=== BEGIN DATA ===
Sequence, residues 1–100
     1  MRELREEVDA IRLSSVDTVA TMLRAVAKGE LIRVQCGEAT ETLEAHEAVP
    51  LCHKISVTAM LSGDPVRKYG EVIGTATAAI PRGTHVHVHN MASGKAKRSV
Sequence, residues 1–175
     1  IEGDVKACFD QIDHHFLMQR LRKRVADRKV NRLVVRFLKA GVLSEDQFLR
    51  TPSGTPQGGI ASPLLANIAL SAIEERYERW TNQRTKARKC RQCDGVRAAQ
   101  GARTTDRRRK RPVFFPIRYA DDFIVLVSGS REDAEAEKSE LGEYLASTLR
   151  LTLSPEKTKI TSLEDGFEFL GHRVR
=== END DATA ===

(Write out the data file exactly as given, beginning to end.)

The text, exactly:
Sequence, residues 1–100
     1  MRELREEVDA IRLSSVDTVA TMLRAVAKGE LIRVQCGEAT ETLEAHEAVP
    51  LCHKISVTAM LSGDPVRKYG EVIGTATAAI PRGTHVHVHN MASGKAKRSV
Sequence, residues 1–175
     1  IEGDVKACFD QIDHHFLMQR LRKRVADRKV NRLVVRFLKA GVLSEDQFLR
    51  TPSGTPQGGI ASPLLANIAL SAIEERYERW TNQRTKARKC RQCDGVRAAQ
   101  GARTTDRRRK RPVFFPIRYA DDFIVLVSGS REDAEAEKSE LGEYLASTLR
   151  LTLSPEKTKI TSLEDGFEFL GHRVR